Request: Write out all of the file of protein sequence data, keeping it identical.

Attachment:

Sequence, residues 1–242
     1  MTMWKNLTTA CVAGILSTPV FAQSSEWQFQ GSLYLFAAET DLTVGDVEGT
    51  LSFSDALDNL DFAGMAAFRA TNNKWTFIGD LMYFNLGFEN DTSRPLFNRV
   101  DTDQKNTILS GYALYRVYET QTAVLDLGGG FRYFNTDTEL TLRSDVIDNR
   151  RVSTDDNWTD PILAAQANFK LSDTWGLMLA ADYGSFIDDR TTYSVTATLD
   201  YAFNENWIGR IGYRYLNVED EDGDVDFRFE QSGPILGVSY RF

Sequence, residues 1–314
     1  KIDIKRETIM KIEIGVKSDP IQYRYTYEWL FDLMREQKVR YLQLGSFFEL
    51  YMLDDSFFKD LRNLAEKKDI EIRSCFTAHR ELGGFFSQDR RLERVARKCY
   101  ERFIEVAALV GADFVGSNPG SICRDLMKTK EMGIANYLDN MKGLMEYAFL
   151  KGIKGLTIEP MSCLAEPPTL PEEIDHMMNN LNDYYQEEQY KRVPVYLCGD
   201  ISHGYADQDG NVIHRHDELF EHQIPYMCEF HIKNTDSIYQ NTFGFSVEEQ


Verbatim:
Sequence, residues 1–242
     1  MTMWKNLTTA CVAGILSTPV FAQSSEWQFQ GSLYLFAAET DLTVGDVEGT
    51  LSFSDALDNL DFAGMAAFRA TNNKWTFIGD LMYFNLGFEN DTSRPLFNRV
   101  DTDQKNTILS GYALYRVYET QTAVLDLGGG FRYFNTDTEL TLRSDVIDNR
   151  RVSTDDNWTD PILAAQANFK LSDTWGLMLA ADYGSFIDDR TTYSVTATLD
   201  YAFNENWIGR IGYRYLNVED EDGDVDFRFE QSGPILGVSY RF

Sequence, residues 1–314
     1  KIDIKRETIM KIEIGVKSDP IQYRYTYEWL FDLMREQKVR YLQLGSFFEL
    51  YMLDDSFFKD LRNLAEKKDI EIRSCFTAHR ELGGFFSQDR RLERVARKCY
   101  ERFIEVAALV GADFVGSNPG SICRDLMKTK EMGIANYLDN MKGLMEYAFL
   151  KGIKGLTIEP MSCLAEPPTL PEEIDHMMNN LNDYYQEEQY KRVPVYLCGD
   201  ISHGYADQDG NVIHRHDELF EHQIPYMCEF HIKNTDSIYQ NTFGFSVEEQ